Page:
Why Broadcom’s Hostile Takeover of Qualcomm Is a Matter of National Security

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On Monday, a little known federal body, the Committee on Foreign Investment in the United States (CFIUS), ordered Qualcomm Inc. (NASDAQ: QCOM) to delay its annual shareholders’ meeting that was scheduled to begin today, Tuesday. This morning, CFIUS released the letter it sent to representatives of Qualcomm and Broadcom Ltd. (NASDAQ: AVGO) ordering the delay.

Broadcom had proposed a slate of 6 directors for Qualcomm’s 11-member board in order to improve its chances of gaining Qualcomm approval for a hostile takeover valued at some $117 billion in Broadcom cash and stock.

CFIUS, which is chaired by the U.S. Treasury Secretary and includes representatives for the U.S. Departments of Justice, Defense, Homeland Security, Energy and State, reviews the sale of assets to foreign buyers on the basis of national security implications. Normally the committee only pokes its nose into the sale once a deal is struck. In this case, CFIUS ruled on a “unilateral notice” from Qualcomm seeking the review of Broadcom’s proxy solicitation.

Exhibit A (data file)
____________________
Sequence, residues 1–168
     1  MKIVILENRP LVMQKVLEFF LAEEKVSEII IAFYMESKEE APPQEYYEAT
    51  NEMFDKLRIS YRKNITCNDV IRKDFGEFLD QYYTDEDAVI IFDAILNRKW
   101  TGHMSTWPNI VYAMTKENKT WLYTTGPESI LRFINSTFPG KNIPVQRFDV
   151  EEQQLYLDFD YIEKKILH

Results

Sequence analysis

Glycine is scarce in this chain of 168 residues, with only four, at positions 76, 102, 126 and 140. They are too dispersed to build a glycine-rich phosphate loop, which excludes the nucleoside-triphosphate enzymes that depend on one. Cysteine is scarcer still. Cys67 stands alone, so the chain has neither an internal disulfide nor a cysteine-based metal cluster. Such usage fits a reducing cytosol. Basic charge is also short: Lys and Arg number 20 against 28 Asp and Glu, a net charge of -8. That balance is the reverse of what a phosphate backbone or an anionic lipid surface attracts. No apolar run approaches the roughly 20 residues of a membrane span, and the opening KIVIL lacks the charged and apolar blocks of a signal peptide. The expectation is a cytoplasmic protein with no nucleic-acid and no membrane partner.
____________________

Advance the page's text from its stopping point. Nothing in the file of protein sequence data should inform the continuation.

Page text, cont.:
In the CFIUS letter, Deputy Assistant Secretary of the Treasury, Aimen N. Mir, wrote:

CFIUS has identified potential national security concerns that warrant a full investigation of the proposed transaction. Articulation of the potential national security concerns, in significant part, is classified. To the extent that some of the potential national security concerns can be described in an unclassified manner, CFIUS notes that they relate to the risks associated with Broadcom’s relationships with third party foreign entities and the national security effects of Broadcom’s business intentions with respect to Qualcomm.

There is no hint to the identity of the “third party foreign entities.”

CFIUS also noted Qualcomm’s leadership and standard setting in the industry and its position as “well-known to, and trusted by, the U.S. government.” The letter continues:

Reduction in Qualcomm’s long-term technological competitiveness and influence in standard setting would significantly impact U.S. national security. This is in large part because a weakening of Qualcomm’s position would leave an opening for China to expand its influence on the 5G standard-setting process.

CFIUS cited a Broadcom statement that the company would adopt a private equity management style with Qualcomm. The committee infers that to mean “reducing long-term investment [in Qualcomm] and focusing on short term profitability.”

The full text of the letter is available here.